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ICC Arbitration – Penalties for Slow Arbitrators

Written by Elizabeth Slattery | 24/05/2016

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In its bulletin of 5 January 2016, the ICC announced penalties to encourage arbitrators to deliver up their awards more quickly than at present. The tardiness of some arbitrators has long been cause for major discontent amongst both lawyers and clients. Corbett & Co’s worst experience was a sole arbitrator who took more than 18 months to issue an award on a preliminary issue!

Now, a sole arbitrator will have two months from the last hearing on the matter (or the last written submission, but excluding hearings or submissions on cost matters), to deliver to the ICC an award in draft. An arbitral tribunal will have three months to produce its award.

In addition, the ICC has stated in the bulletin that it will publish on its website the names of all arbitrators who are sitting in cases registered from 1 January 2016, including some further details such as the nationality of the arbitrators and the identity of the Chair of the tribunal. The purpose of this is so that the parties are able to identify the workload of an arbitrator they may be seeking to appoint (at least so far as other ICC work is concerned).

What are the sanctions for non-compliance?

As one would expect, the sanctions relate to fees, which may be reduced on a sliding scale if the arbitrator fails to adhere to the new rule, unless he or she can show that there are exceptional circumstances or other factors beyond their control. An award produced more than ten months after the appropriate deadline will incur a reduction of 20 % or more of the fees set by the ICC.

This development on the delivery of awards has since been incorporated in a useful and practical Note to Parties dated 22 February 2016  http://www.iccwbo.org/products-and-services/arbitration-and-adr/arbitration/practice-notes,-forms,-checklists/The ICC now appear to be sending this Note as a matter of course to the parties and their representatives at the outset of an arbitration. It is akin to a High Court Practice Direction and contains much sensible guidance on how the arbitration will be managed, from both the Arbitrators’ and the ICC ‘s perspective. The recent directives on timing of awards appear at Section III B which also includes a summary of the duties of the Arbitral Tribunal and, within the Tribunal, the duties of the individual arbitrator to satisfy himself as to availability, impartiality and independence. The question of availability in particular should now require some careful thought in light of the fee sanctions described above.

The new directive is entirely consistent with the policy of the ICC to endeavour to make the process of arbitration a transparent one in which the parties have confidence (Section III B 27) and the statement at Section IV B 38 that rapid and cost effective resolution is one of the main priorities of the Court. Specifically, the arbitrators are required to ‘devote the time and effort necessary to conduct the arbitration with the requirements of the Rules’. The guidance goes on to refer the arbitrators directly to the strict time limits in the Rules. The whole section is aimed at emphasising the requirements of the Rules for the control of time and costs and the contents of the January bulletin on efficiency in submission of awards are reproduced at Section D.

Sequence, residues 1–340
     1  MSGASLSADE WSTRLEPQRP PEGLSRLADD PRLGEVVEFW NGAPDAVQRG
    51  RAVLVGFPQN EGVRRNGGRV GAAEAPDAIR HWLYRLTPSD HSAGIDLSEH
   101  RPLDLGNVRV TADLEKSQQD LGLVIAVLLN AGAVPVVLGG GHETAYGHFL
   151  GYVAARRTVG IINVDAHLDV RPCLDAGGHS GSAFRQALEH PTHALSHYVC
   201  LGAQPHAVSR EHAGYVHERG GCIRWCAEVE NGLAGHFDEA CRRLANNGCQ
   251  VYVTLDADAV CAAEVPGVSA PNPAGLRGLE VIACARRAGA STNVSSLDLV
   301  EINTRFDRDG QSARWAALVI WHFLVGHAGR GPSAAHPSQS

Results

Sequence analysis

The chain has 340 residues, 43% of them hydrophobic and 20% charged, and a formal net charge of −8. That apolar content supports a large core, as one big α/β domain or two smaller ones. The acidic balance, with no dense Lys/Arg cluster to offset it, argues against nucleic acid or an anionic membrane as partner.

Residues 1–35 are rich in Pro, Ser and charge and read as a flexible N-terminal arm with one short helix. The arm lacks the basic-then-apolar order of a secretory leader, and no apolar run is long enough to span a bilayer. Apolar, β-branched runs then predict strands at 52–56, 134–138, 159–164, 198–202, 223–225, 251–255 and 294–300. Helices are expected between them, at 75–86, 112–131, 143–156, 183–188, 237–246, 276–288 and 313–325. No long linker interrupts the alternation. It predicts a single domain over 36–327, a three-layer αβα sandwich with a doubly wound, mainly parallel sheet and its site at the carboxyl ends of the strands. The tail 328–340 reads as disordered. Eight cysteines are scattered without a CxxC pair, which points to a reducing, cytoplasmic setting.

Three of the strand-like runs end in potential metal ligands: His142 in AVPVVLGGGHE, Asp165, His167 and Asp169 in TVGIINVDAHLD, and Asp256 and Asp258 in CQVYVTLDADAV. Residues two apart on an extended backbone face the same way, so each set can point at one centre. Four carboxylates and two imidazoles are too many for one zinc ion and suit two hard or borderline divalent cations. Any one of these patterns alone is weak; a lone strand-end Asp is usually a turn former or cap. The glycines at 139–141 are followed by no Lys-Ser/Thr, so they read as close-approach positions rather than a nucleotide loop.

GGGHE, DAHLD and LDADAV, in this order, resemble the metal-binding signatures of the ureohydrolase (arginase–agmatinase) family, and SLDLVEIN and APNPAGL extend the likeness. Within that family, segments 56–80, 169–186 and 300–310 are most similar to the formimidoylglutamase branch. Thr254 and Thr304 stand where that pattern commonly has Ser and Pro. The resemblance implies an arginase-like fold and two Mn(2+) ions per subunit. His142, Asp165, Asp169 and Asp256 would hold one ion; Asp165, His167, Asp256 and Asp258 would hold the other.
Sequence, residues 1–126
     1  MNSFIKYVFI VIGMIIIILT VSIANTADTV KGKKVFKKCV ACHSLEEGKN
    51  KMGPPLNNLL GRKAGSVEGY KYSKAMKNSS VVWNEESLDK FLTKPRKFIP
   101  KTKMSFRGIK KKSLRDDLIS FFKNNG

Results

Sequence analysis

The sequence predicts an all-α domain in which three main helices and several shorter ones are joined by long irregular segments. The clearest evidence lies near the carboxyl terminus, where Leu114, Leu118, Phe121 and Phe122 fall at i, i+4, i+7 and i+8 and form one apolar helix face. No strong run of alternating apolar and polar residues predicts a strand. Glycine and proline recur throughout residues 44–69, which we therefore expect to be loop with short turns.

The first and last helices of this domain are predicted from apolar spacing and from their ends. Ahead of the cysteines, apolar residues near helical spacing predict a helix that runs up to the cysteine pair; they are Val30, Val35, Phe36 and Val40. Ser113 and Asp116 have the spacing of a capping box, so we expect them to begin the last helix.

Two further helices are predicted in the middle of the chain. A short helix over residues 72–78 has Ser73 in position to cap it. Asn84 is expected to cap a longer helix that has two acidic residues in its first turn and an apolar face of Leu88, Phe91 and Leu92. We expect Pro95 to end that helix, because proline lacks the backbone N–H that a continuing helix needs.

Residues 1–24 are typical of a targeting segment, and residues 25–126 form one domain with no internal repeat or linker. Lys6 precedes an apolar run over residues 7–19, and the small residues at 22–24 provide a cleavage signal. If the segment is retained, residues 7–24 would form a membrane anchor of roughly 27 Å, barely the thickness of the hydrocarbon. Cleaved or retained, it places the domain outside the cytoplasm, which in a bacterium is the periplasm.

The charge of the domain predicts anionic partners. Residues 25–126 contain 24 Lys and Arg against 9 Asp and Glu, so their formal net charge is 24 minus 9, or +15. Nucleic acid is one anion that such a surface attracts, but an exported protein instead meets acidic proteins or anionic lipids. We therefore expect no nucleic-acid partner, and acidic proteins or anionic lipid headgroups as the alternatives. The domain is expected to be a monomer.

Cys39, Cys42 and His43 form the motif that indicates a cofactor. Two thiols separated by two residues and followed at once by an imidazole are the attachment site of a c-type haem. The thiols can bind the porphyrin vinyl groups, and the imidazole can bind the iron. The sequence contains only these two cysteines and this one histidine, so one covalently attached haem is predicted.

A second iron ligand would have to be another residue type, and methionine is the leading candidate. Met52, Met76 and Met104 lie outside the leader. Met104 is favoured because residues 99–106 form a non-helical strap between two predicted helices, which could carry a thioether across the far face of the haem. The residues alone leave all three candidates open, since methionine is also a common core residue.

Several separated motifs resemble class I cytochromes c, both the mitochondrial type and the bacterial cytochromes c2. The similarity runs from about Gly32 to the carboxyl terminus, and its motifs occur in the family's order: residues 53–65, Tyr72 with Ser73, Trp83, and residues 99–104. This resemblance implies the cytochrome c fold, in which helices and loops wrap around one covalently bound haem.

On its face this development must in general terms be good news for parties and practitioners. It is to be hoped that the initiative on awards will enable parties at the outset to identify the likely workload of their chosen arbitrator and re-consider if necessary. It will also inevitably apply pressure to those whose own time management and administration is really in need of an upgrade.  We would hope that over time the grace period without penalties will be reduced from the current 10 months.

Consider, however, the arbitrator’s perspective on this. There must in reality be very few arbitrators who would not wish to discharge their duties expediently and properly, where possible. Of course, in practice, however, there may be multiple and entirely understandable reasons why an award cannot be submitted in the time required; this may be so particularly in the case of a panel of arbitrators liaising from different countries and with practices of their own to maintain.

Some popular arbitrators need to learn to turn down new appointments when they are over-loaded and, as a result, providing poor and tardy service to the parties. How much can an arbitrator remember of the evidence given at the hearing after six or more months? It is to be hoped that the new regime will help to ensure ICC awards are given promptly.

Elizabeth Slattery

Article Author
Elizabeth Slattery

Email: elizabeth.slattery@corbett.co.uk

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